Propranolol vs Lisinopril

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For patients dealing with hypertension or certain types of heart conditions, specific drugs that alter the functioning of cardiovascular system can help in managing symptoms and preventing complications. Propranolol and Lisinopril are two such medications that are often prescribed for these conditions. They each impact different aspects of the cardiovascular system but both have beneficial effects on blood pressure regulation and cardiac function. Propranolol is a beta-blocker which reduces heart rate, decreases blood pressure, and helps to prevent angina (chest pain) by blocking the action of certain natural chemicals in your body like adrenaline on the heart and blood vessels. On the other hand, Lisinopril is an angiotensin converting enzyme (ACE) inhibitor which works by relaxing blood vessels so that blood can flow more easily, thereby lowering high blood pressure—a key element in preventing strokes, heart attacks, and kidney problems.

What is Propranolol?

Propranolol (Inderal) was the first drug of its class, beta blockers, which marked a significant advancement from the first drugs for hypertension. Propranolol was approved by the FDA in 1967 and functions by blocking beta receptors in various parts of your body, reducing heart rate and blood pressure. It is primarily prescribed for treating conditions such as high blood pressure, chest pain caused by poor heart flow, and irregular heartbeat.

On the other hand, Lisinopril belongs to a class of medications called ACE inhibitors and was approved by FDA later in 1987. This medication works differently than propranolol; it inhibits an enzyme known as angiotensin-converting enzyme (ACE), leading to dilation of blood vessels which results in lowered blood pressure and decreased workload on the heart.

While both drugs are used to manage similar health issues like hypertension or certain types of heart failure, they do so through different mechanisms and may cause differing side effects. For instance, propranolol may result in slower pulse rates whereas lisinopril might lead to dry coughs.

What conditions is Propranolol approved to treat?

Propranolol is approved for the treatment of a variety of conditions:

  • Hypertension, also known as high blood pressure
  • Angina pectoris (chest pain usually caused by lack of oxygen to the heart due to clogged arteries)
  • Migraine headaches prevention
  • Certain types of tremors
  • Hyperthyroidism (overactive thyroid)

Meanwhile, Lisinopril is typically used in treating:

  • Hypertension, both alone and in combination with other medications.
  • Heart failure. It can be used alongside other medication to enhance survival after an acute myocardial infarction (heart attack).

How does Propranolol help with these illnesses?

Propranolol helps to manage high blood pressure and other heart conditions by blocking the action of certain natural substances in your body, such as adrenaline, on the heart and blood vessels. This effect reduces heart rate, blood pressure, and strain on the heart.

Lisinopril also works to lower high blood pressure but it does this by inhibiting an enzyme known as angiotensin converting enzyme (ACE). By doing so, it decreases the production of a substance called angiotensin II which narrows the arteries and releases hormones that can raise your blood pressure. Thus lisinopril relaxes arterial tension or resistance leading to decreased blood pressure.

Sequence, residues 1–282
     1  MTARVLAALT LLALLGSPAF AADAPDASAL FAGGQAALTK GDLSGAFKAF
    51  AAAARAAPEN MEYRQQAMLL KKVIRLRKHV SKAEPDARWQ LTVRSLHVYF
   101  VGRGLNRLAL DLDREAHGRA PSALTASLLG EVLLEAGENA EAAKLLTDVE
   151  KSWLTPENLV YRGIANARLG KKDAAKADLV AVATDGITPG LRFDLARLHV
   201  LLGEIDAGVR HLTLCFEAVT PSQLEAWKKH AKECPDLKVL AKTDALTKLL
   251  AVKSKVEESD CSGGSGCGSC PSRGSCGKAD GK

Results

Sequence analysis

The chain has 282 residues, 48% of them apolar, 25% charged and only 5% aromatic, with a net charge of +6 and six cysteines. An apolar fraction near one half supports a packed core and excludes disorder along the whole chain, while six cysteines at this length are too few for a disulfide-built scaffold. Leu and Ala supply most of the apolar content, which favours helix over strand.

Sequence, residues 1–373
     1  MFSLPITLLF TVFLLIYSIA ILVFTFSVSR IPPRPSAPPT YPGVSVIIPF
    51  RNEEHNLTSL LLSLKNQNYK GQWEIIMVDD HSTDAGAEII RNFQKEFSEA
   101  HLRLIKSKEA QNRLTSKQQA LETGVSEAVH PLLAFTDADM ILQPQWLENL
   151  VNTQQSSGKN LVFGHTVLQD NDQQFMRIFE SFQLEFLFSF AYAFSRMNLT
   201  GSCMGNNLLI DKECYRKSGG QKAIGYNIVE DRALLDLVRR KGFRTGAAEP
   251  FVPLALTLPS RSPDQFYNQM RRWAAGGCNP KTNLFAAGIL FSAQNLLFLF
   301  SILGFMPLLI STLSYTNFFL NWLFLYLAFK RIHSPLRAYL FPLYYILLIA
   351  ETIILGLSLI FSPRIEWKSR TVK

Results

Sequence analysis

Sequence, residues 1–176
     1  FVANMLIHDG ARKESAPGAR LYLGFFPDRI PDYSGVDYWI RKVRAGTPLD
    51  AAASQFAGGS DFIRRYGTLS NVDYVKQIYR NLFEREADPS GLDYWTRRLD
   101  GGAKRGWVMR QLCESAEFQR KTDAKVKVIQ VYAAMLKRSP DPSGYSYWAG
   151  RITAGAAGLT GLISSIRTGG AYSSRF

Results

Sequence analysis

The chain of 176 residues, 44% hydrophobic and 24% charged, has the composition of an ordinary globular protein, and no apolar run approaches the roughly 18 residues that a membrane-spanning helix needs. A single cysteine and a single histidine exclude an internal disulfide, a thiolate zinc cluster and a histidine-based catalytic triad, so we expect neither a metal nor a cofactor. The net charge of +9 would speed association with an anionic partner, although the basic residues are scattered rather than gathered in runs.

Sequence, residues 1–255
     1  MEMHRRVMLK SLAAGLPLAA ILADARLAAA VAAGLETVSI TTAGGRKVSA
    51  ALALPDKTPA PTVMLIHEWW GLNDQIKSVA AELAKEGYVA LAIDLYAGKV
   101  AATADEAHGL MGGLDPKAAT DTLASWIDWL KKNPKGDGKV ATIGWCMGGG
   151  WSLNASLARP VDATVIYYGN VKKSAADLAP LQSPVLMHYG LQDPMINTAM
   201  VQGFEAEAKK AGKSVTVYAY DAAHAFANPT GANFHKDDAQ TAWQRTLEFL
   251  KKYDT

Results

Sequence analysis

Both Propranolol and Lisinopril are used for treating hypertension but they work through different mechanisms within your body. It's important to note that while both drugs help control high BP, they cannot cure hypertension.

What is Lisinopril?

Lisinopril, sold under the brand name Prinivil among others, is an angiotensin converting enzyme (ACE) inhibitor. This means it works by blocking the action of a certain chemical involved in tightening blood vessels, helping to relax and widen them which results in lower blood pressure and better blood flow. Lisinopril was first approved by the FDA in 1987. It differs from beta blockers such as propranolol because it doesn't directly affect heart rate or contractibility but primarily targets vessel dilation to reduce work on your heart. While side effects can include dizziness due to decreased blood pressure, it does not usually cause fatigue or lethargy as may be experienced with beta-blockers like propranolol. Its primary effect on reducing hypertension makes lisinopril particularly useful for patients with high-risk cardiovascular conditions such as history of heart attack or stroke.

What conditions is Lisinopril approved to treat?

Lisinopril, widely used in the field of cardiovascular medicine, is approved by the FDA for several conditions including:

  • Hypertension (high blood pressure)
  • Congestive heart failure
  • After acute myocardial infarction (heart attack) to improve survival.

How does Lisinopril help with these illnesses?

Angiotensin II is a hormone that can cause blood vessels to constrict and promote the release of another hormone, aldosterone, which leads to water retention in the body. Both these actions result in increased blood pressure. Lisinopril works by inhibiting an enzyme known as angiotensin-converting enzyme (ACE), thereby reducing the production of angiotensin II. This results in wider and relaxed blood vessels, along with reduced volume of fluid in the body—both contributing to lower blood pressure levels.

Its mechanism differs from Propranolol which primarily blocks beta-adrenergic receptors thereby slowing heart rate and reducing cardiac output. While both are used for managing high blood pressure, Lisinopril is often preferred as a first-line treatment especially for patients with certain conditions like heart failure or diabetes due to its additional kidney-protective effects. It may also be a better option for those who do not respond well or have contraindications towards beta-blockers such as Propranolol.